UTAH (ABC4) — Summer hasn’t quite arrived just yet, but one animal rescue organization is already busy saving young ducks that are being illegally dumped in Utah waterways.

Wasatch Wanderers Animal Rescue spent the afternoon catching some of those ducks from Rees Pioneer Park in Brigham City and wanted to remind the public that dumping ducks is considered animal cruelty under Utah law.  

Adison Smith and Kade Tyler are founders of Wasatch Wanderers Animal Rescue. The two spent part of the afternoon catching as many ducks as possible at Rees Pioneer Park in Brigham City, a park in which they’ve visited many times to rescue dozens of abandoned ducks.

“Not only is it illegal but it’s cruel,” Smith said. “They won’t survive.”  

Smith told ABC4 that they rescued dozens of ducks from the pond last summer. However, they couldn’t keep up. By the end of the summer, she said there were about 40 domestic ducks that still needed to be rescued and, by the end of winter, about two-thirds of those ducks had died.

Now that things have warmed back up, she said young ducks are being released into the pond again.  

One of the ducks the pair rescued Tuesday afternoon had sores on her head. Smith explained that the more ducks are dumped at the pond, the more aggressive the males become. They will mate with the females so often that they will die, and as the female population dwindles, the larger males move on to the smaller males.  

As a result of this infighting, a handful of injured ducks that the rescue saved were so hurt they had to be euthanized. Smith urged the public to stop the practice of dumping ducks.

“It might seem like the perfect fairy tale of living at a pond, but it actually is a lot more than that and it is detrimental to their overall lifespan,” she added.

The Utah Department of Agriculture and Food interim state veterinarian, Dr. Amanda Price, agreed. She said, “We are leaving them out there to die.”  

Dr. Price told ABC4 that domestic ducks can breed with wild ones. This can lead to a population boom and overpopulation. As the population grows, the ducks will continue to fight for resources. Domestic ducks, unlike their wild counterparts, cannot fly. This means they can’t leave in search of new food sources.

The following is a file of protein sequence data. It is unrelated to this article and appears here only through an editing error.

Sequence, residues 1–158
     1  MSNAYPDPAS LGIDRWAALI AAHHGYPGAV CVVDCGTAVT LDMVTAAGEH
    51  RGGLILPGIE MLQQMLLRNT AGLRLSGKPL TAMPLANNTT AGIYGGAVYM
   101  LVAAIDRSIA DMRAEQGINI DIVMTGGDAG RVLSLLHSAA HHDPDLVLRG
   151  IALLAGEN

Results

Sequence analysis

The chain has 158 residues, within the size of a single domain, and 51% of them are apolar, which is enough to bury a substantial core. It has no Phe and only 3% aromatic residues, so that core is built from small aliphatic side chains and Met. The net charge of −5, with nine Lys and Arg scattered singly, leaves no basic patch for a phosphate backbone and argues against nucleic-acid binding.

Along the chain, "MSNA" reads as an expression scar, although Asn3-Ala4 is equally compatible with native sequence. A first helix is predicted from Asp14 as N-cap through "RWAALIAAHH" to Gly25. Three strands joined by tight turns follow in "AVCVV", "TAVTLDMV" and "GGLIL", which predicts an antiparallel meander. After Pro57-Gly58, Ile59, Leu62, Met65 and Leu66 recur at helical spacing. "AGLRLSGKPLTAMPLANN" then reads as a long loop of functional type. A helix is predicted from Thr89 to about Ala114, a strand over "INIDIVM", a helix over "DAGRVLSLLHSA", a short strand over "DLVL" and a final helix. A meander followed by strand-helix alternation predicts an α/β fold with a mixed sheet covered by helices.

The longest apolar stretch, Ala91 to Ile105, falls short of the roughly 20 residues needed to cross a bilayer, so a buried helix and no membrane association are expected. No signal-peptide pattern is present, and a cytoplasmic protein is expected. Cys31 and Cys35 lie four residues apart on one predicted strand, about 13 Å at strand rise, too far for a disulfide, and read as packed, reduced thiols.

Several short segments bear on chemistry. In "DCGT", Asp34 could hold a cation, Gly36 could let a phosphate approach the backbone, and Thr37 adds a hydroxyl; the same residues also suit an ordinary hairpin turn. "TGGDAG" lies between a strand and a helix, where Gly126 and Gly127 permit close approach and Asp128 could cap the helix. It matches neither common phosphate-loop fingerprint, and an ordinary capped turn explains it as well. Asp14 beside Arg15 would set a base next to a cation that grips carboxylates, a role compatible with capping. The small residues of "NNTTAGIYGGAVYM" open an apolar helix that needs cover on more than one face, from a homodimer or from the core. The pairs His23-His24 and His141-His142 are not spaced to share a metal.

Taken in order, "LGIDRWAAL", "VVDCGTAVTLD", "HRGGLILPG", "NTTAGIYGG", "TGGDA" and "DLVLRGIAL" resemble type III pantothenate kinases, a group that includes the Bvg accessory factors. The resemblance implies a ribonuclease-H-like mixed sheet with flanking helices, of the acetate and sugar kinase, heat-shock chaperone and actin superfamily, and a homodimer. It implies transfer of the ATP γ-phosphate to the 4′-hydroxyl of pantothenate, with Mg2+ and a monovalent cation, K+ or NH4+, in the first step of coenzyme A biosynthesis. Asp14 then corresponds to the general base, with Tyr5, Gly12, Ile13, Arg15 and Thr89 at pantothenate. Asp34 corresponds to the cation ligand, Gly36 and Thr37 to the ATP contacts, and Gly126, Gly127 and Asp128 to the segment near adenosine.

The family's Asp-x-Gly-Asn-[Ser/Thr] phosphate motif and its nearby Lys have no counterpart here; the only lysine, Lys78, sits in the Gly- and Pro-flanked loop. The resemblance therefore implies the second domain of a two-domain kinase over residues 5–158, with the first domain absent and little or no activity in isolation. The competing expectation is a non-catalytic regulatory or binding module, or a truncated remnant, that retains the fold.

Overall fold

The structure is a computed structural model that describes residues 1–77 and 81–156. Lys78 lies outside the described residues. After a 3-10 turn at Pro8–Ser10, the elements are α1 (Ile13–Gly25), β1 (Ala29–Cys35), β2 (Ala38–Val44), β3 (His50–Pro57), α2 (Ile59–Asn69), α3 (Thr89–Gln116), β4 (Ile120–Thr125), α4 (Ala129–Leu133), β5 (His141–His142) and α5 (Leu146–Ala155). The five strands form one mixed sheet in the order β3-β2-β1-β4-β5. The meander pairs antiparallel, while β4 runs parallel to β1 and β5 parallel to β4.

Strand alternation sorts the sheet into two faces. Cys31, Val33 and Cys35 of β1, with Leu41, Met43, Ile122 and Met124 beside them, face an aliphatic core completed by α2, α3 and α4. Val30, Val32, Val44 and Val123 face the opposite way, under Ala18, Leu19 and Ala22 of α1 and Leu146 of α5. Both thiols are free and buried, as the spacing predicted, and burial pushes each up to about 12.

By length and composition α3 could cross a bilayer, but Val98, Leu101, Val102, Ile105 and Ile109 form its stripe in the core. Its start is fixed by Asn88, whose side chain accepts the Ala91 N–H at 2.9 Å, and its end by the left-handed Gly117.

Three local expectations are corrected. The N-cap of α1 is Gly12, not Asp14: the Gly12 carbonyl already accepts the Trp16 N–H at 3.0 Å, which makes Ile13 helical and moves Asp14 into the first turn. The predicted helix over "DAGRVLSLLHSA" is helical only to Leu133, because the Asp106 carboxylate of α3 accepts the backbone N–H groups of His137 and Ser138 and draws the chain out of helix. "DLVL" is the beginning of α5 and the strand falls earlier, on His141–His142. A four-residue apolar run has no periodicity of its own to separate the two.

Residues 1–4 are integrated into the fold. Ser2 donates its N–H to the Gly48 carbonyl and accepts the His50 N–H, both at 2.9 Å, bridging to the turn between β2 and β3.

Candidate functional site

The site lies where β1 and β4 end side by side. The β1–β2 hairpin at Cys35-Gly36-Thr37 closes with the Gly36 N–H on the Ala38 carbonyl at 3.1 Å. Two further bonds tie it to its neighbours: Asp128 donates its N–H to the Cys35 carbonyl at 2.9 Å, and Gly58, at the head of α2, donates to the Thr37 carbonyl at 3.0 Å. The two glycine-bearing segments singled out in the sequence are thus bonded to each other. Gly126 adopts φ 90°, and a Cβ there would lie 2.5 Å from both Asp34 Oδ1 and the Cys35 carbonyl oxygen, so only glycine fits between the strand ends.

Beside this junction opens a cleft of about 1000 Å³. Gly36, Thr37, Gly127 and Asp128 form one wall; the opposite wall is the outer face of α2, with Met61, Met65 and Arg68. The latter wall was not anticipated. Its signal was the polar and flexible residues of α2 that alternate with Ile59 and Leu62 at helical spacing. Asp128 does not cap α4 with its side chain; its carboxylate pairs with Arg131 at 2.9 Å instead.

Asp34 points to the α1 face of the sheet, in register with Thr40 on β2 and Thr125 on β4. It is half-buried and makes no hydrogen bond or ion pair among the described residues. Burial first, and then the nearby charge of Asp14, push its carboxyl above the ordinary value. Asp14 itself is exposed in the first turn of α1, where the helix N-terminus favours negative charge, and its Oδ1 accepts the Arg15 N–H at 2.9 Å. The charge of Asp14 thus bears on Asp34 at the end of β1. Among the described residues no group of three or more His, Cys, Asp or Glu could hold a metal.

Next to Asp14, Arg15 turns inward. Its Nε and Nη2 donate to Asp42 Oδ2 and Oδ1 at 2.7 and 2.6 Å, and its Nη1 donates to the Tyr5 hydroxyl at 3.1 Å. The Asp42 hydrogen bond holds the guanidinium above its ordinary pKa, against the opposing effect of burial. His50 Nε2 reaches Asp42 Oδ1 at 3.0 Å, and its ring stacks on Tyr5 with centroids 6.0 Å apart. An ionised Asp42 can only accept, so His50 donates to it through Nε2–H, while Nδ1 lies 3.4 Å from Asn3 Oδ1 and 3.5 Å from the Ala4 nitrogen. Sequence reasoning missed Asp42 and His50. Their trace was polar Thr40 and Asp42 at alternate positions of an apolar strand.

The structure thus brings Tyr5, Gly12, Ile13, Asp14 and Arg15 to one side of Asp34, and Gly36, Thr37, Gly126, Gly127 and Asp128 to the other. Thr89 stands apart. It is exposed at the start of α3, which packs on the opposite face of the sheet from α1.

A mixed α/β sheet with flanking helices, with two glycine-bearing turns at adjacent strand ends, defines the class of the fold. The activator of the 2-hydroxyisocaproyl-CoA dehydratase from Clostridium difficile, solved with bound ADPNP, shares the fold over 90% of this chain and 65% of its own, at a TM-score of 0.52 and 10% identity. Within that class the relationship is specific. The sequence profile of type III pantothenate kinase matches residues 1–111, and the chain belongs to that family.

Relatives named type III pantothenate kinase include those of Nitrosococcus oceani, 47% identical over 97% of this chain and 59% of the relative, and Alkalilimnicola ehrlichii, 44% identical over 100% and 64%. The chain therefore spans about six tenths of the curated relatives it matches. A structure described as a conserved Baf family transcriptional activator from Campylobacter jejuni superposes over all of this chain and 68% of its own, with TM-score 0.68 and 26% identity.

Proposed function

Not only that, but Dr. Price explained when domestic ducks are on ponds, lakes and other waterways there normally wouldn’t be waterfowl, they act as decoys and attract wild birds to the area as well.

This, she said, can be deadly as it promotes the spread of disease. This intermingling led to the death of incredible numbers of domestic birds last year.

“Including the commercial species, we had 2.2 million birds that we lost last year here in Utah due to bird flu. About 3,000 of those were backyard birds,” she said.

Smith said it’s easy to tell which ducks have been abandoned. They’re usually white and much bigger than their mallard counterparts. 

“These animals don’t deserve to be thrown away like trash,” Smith stated.  

Dumping domesticated ducks is illegal and is considered animal cruelty. Utah law states: “’Abandon’ means to intentionally deposit, leave, or drop off any live animal: without providing for the care of that animal, in accordance with accepted animal husbandry practices or customary farming practices; or in a situation where conditions present an immediate, direct, and serious threat to the life, safety, or health of the animal.”  

Smith told ABC4 that as they continue to catch ducks at Pioneer Park, they’ve found that many of the ducks are just weeks old.

In fact, two of the five ducks she and Tyler rescued on Tuesday were estimated to be under eight weeks old. She said often, ducks are purchased at the big box stores nearby and dumped the same day.

“A lot of people think, ‘Oh, those poor ducklings, they deserve a pond, they don’t deserve to be kept in this container,’” Smith said. “And so, they might purchase them just to let them go.”

However, she said this is the last thing someone should do.

“The consequences of that are deadly,”  she said.

Wasatch Wanderers has worked with a handful of cities to place signs at public parks, ponds and other waterways to help educate the public about the dangers and negative effects of dumping domestic waterfowl. The rescuers hope that Brigham City will join the effort and work with them to place signs at Rees Pioneer Park.